How you view that approach comes down to your individual perspective, but the net result is that Facebook essentially facilitates more division and angst by amplifying and reinforcing such through its News Feed distribution. Because it focuses on engagement, and keeping users on Facebook – and the way to do that, evidently, is by highlighting debate and sparking discussion, no matter how healthy or not the subsequent interaction may be.
It’s clearly proven to be an effective approach for Facebook over time, and now also the Trump campaign. But it could also, as noted by Kendall, lead to something far worse as a result.
But it’s not just in the US that this has happened, and the Trump campaign is not the first to utilize Facebook’s systems in this way.
For example, in Myanmar back in 2014, a post circulated on Facebook which falsely accused a Mandalay business owner of raping a female employee. That post lead to the gathering of a mob, which eventually lead to civil unrest. The original accusation in this instance was incorrect, but Facebook’s vast distribution in the region enabled it to grow quickly, beyond the control of authorities.
In regions like Myanmar, which are still catching up with the western world in technical capacity, Facebook has become a key connector, an essential tool for distributing information and keeping people up to date. But the capability for anyone to have their say, on anything, can lead to negative impacts – with news and information coming from unofficial, unverified sources, messages can be misconstrued, misunderstood, and untrue claims are able to gain massive traction, without proper checks and balances in place.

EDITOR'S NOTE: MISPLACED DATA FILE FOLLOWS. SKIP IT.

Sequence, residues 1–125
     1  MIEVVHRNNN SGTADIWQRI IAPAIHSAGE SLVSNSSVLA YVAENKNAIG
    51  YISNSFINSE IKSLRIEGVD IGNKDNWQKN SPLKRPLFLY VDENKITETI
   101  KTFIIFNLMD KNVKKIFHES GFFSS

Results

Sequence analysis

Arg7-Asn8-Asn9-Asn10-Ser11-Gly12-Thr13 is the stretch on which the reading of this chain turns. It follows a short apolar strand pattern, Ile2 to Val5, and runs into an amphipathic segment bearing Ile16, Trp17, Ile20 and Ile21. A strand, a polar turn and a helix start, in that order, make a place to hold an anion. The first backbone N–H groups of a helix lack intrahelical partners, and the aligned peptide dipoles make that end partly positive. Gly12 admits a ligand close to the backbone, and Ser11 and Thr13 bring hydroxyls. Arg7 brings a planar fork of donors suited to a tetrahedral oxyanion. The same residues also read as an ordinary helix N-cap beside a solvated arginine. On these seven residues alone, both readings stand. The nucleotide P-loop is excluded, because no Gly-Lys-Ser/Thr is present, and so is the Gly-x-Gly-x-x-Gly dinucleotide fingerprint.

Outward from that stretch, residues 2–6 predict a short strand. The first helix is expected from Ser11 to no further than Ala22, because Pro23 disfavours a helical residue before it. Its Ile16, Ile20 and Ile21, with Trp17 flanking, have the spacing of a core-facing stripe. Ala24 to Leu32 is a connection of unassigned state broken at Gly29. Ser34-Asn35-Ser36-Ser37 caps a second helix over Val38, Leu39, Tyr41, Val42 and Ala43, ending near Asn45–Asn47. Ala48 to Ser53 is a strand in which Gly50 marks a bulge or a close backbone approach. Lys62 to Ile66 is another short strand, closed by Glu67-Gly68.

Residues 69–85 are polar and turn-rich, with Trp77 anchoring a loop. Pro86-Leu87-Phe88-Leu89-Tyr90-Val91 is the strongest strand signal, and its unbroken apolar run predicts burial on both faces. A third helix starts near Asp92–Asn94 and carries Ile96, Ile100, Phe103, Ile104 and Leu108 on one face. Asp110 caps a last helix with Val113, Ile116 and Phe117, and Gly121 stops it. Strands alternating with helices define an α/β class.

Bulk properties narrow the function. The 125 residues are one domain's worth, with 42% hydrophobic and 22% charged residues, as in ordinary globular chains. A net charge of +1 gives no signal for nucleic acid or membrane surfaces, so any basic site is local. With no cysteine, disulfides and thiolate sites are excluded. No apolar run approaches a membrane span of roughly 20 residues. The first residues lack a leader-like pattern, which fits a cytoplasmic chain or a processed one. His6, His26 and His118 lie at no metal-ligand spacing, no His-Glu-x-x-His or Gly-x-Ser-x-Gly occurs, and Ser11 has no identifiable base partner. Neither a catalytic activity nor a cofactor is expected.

We’ve seen similar in the growth of pseudoscience and conspiracy theories in western regions – the growth of the anti-vax movement, for example, is largely attributed to Facebook distribution.
As you can see in this chart, using Google Trends data, searches for ‘anti-vax’ have gained significant momentum over the last decade, and while some of that is attributable to the terms used (people may not have always referred to ‘anti-vax’), it is clear that this counter-science movement has gained significant traction in line with the rise of The Social Network.
Is that coincidence, or could it be that by allowing everyone to have such huge potential reach with their comments, Facebook has effectively amplified the anti-vax movement, and others, because the debate around such sparks conversation and prompts debate?
That, essentially, is what’s Facebook’s News Feed is built upon, maximizing the distribution of on-platform discussions that trigger engagement.
As further explained by Kendall: